I love family history and genealogy, and one of the benefits of my affinity is that I’ve become the repository for old family photos that no one wants. I use them in my art pretty frequently, because they’re meaningful to me. I also think they’re beautiful – and familiar; facial features I recognize, carriage, gestures and some of the same body language I see in my family today. The reference for this figure was a 1928 snapshot of my paternal grandfather (without the buck – I added him in the background) the year he married my grandmother. I’ve painted him before, older. Though he’s young and lanky here – I still recognize the way he sat, the tilt of his head, and a palpable certainty about him. He was an immigrant (Italy) and an avid hunter, an inventor, a whittler, self employed, self made. He also loved puns and word play.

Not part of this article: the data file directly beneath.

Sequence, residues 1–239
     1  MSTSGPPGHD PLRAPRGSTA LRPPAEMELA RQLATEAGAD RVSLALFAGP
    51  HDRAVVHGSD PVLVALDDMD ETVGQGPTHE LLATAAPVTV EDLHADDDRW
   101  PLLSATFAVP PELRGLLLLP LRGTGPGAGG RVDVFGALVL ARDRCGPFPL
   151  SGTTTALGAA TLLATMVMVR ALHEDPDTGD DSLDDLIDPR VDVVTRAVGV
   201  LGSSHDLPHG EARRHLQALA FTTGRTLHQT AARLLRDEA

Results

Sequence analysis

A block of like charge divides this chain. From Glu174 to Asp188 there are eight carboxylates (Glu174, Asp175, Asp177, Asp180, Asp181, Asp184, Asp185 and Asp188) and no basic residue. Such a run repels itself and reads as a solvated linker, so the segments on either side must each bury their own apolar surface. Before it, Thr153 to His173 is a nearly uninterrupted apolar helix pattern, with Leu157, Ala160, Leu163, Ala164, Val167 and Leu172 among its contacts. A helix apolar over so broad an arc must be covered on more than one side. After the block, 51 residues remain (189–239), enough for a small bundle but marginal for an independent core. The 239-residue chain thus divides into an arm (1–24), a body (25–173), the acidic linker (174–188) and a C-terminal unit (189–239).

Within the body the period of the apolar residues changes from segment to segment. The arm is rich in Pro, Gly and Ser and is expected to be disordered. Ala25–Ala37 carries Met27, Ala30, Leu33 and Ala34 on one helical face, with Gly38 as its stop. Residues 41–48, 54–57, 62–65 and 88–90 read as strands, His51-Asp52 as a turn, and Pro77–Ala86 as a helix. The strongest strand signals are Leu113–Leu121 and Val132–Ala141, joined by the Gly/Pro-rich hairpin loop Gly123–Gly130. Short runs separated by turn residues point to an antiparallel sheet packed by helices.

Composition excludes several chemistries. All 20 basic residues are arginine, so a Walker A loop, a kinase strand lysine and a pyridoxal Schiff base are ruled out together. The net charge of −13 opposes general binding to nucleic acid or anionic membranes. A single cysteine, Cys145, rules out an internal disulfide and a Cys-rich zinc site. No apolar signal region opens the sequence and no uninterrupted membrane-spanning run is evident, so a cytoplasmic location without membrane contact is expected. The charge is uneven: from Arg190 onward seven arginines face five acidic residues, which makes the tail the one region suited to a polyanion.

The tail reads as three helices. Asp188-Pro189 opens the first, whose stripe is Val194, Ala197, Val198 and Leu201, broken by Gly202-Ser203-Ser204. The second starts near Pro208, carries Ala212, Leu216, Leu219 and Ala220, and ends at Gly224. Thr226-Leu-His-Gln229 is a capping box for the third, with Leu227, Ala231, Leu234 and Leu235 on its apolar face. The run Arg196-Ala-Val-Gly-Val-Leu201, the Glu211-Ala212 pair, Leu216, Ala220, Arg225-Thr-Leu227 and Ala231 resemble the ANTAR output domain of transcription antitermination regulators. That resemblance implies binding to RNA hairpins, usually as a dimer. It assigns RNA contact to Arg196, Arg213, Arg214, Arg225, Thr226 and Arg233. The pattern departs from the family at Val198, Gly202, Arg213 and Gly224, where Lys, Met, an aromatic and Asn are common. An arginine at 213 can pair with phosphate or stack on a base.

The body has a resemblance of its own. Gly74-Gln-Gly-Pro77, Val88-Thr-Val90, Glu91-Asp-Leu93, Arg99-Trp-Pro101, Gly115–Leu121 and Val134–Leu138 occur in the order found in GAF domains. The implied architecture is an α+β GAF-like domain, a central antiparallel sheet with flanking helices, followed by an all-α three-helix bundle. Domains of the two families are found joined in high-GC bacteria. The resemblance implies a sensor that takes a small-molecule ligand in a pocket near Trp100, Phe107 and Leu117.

This linocut is a small edition of 10, printed with Akua Waterbased ink on Johannot paper and painted with watercolor.
After drawing on the block – carving begins
Alternating broad, medium and narrow gouge marks
Inking and proof printing the block
Seven prints of Stag, drying on my easel
Andrew Wyeth remembered an evening, one of the rare ones he had spent in New York, with a group of painters at Robert Beverly Hale’s. Jackson Pollock and Stuart Davis had been arguing about techniques. Finally, Edward Hopper tapped Davis on the shoulder and pointed from the penthouse window to the incredible light of the setting sun on the buildings. “Can you ignore that?”
Conversations with Artists – Selden Rodman & Alexander Eliott 1961